You need to protect your computer's data correctly to comply with the law.
Most people I meet at 4N events guess straightaway what we do, as the name is self-explanatory: EZ Backup. But their first question is, “Is it safe? I’d rather have my data where I can see it. I don’t trust the cloud.” Truthfully, my answer isn’t always the same, as when you start talking IT, many people glaze over, so I usually reply, “There are simply NO benefits of not backing up, so if you're going to backup it’s probably best to abide by the law, as stated in the DPA of 1998 - if you want to know more I would be happy to help.”
And here is the “more” bit:
All businesses generate data of some sort or other, be it information about employees or their customers. Here’s an example:
Ann Jones runs a HR consultancy from a home office with the help of a laptop and desktop computer. Every so often Ann backs up her data to an external drive, which is kept on the office desk, and she also uses Dropbox as an additional storage place. Great! Ann is backing up (at least Ann’s no relying on a USB memory stick), but does her plan meet with DPA? Probably not. So, if Ann hasn’t complied with the law, she will still be liable for any damages incurred and possibly fined up to £500,000 (even prison) by the ICO.
As a business owner, do you really want the worry of losing all your data or being caught not complying with the law. No of course you don’t, so make sure you understand the key considerations about data protection.
There are two basic parts to correctly protecting your computer’s data and therefore protecting your business. The first part is to physically backup the data (make a copy), and the second is to comply with the Data Protection Act. There is no point just backing up data if you don’t comply, as of course breaking the law is NOT good business practice.
As a guide to compliance, your backup should prevent data loss as a result of the following:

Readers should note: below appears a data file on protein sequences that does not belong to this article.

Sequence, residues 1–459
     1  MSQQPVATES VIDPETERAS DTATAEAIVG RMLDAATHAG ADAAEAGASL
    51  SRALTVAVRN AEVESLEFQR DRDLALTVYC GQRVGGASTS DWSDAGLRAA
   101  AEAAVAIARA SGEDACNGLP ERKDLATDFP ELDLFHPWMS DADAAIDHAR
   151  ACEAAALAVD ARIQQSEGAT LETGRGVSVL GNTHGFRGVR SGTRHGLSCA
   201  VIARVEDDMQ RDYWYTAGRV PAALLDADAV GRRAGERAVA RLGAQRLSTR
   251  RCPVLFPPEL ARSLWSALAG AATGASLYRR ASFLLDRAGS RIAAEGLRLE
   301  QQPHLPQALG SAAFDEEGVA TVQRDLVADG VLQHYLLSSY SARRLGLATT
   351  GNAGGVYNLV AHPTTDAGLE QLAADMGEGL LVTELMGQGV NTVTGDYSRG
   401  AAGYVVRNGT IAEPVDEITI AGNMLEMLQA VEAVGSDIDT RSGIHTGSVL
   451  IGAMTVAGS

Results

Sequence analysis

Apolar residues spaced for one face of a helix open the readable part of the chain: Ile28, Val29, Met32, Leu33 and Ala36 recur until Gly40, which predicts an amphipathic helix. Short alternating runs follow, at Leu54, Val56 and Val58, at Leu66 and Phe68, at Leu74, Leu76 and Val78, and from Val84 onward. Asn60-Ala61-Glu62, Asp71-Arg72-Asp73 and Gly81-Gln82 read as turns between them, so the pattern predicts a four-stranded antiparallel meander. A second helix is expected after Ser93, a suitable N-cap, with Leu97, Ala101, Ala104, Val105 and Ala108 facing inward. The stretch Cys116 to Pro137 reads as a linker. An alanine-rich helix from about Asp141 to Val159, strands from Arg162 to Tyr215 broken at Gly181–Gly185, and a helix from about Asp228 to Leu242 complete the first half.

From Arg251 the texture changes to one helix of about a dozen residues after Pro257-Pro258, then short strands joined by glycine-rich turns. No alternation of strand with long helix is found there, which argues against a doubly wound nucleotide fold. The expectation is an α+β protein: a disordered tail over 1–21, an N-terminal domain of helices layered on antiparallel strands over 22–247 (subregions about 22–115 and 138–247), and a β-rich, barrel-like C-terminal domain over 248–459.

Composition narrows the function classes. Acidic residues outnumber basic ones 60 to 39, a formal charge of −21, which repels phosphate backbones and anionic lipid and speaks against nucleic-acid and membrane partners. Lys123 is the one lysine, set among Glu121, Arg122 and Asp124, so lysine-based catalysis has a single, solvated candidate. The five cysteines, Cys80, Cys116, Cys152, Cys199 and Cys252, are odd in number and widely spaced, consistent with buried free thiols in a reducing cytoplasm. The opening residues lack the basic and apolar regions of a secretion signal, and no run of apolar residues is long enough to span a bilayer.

Therefore, do not keep your computer and backup together or use a device with a short lifespan (tape, external drive, USB stick) and make sure you regularly backup your data - once a day is the bare minimum. The easiest way by far to backing up data and complying to the law is a cloud backup service. With a good cloud backup plan in place you will address points 1-3, as the backup will be kept at a remote location and all maintenance and security will be taken care of.
The other point that is often overlooked is the location of your backup if your using a cloud storage solution. Location of the data is not just a physical one. US companies who store data regardless of the location are deemed to be outside the EU. So, even though some US cloud storage providers will make a point that they store data in Europe, the US government still legally controls it. Be aware that unless you have an agreement in place with your customers/employees to confirm they have given permission for their data to be stored outside the EU, you may also be in breach of the law.
So, doing nothing about your data protection is not an option. If you already backup your data but don’t comply then it shouldn’t take a great deal of effort to become compliant. Don’t forget that it’s not just YOUR backup plan that is important - make sure your customers and suppliers are as conscientious as you are and comply as well, as security is only as strong as the weakest link.